NEWS OF THE WEEK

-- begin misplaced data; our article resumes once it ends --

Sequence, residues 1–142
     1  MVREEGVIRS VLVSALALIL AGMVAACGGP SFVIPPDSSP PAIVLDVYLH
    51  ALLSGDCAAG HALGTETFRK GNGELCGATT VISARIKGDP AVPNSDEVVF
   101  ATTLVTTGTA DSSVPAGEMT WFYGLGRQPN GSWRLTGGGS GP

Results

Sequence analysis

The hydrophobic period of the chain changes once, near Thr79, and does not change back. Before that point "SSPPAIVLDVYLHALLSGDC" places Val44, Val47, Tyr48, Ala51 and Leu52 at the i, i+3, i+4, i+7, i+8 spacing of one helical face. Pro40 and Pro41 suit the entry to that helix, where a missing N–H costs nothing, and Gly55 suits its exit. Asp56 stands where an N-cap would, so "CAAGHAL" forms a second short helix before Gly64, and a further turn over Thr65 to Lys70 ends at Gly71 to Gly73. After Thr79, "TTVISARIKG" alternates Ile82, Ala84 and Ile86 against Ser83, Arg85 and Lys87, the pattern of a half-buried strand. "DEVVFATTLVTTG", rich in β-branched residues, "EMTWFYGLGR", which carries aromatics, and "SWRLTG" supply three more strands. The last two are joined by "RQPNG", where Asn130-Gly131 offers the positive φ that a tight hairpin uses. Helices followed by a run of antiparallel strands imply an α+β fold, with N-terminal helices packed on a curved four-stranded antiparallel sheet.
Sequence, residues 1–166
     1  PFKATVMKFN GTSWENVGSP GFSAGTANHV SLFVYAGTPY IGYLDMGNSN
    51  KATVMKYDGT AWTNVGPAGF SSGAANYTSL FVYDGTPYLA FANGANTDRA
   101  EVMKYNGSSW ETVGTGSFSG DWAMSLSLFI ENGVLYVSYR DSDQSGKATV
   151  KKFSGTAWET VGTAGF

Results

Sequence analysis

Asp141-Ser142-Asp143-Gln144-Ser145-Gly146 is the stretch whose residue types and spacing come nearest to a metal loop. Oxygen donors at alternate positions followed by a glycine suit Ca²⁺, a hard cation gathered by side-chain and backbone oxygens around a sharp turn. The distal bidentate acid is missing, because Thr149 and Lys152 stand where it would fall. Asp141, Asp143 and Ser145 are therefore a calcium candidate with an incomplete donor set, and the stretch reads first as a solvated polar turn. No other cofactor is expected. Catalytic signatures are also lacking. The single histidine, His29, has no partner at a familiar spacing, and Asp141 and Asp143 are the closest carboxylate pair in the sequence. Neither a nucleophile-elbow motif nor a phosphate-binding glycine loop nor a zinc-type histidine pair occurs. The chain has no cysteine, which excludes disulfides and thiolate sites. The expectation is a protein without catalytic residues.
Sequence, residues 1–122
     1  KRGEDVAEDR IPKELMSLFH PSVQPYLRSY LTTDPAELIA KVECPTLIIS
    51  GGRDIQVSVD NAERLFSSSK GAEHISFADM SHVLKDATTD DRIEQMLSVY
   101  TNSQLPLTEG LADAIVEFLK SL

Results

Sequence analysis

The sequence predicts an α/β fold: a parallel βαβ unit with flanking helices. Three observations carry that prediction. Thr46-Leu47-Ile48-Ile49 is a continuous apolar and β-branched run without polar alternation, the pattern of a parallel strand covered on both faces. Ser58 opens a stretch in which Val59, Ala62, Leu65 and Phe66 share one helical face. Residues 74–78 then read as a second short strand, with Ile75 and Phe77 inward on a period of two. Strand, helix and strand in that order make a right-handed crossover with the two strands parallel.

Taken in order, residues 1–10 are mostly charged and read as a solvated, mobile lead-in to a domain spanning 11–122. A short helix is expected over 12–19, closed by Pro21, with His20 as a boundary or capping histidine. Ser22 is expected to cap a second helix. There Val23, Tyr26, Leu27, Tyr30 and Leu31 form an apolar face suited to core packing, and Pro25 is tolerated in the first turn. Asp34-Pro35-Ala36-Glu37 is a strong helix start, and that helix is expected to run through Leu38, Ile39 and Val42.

THE situation in the Mediterranean has become charged with alarming possibilities. The torpedo attack on Havock ' on Tuesday night, the torpedo in this case being launched from a submarine, was preceded by the sinking on Monday of the Russian cargo-ship, Timiryazev,' bound from Cardiff to Port Said, by a destroyer which the crew of the sunk vessel state categorically to have been Italian. As to the identity of the Havock's ' aggressor nothing is known definitely, nor well can be unless the depth charges which the British ship immediately dropped are found to have done their work. The belief that the indis- criminate piracy which has been practised in the Mediter- ranean in the past few weeks is in part the work of Italian warships is now so universal that it would be idle to avoid mention of the suspicions that prevail. General Franco's submarines are too few to account for the outrages reported. France is as much interested in the situation as this country, and Turkey demonstrated her own views by the promptitude of the action she took when a foreign submarine was found at work off the Dardanelles last month. There is, therefore, everything to be said for the proposal that the Mediterranean Powers should discuss the whole situation when they meet at Geneva next week. As things are British and French warships in the Mediterranean are under orders to shoot at sight, and in view of what flag their target may prove to bear the gravity of the situation needs small demonstration. But it is essenti- ally a case in which the firmest action is the safest.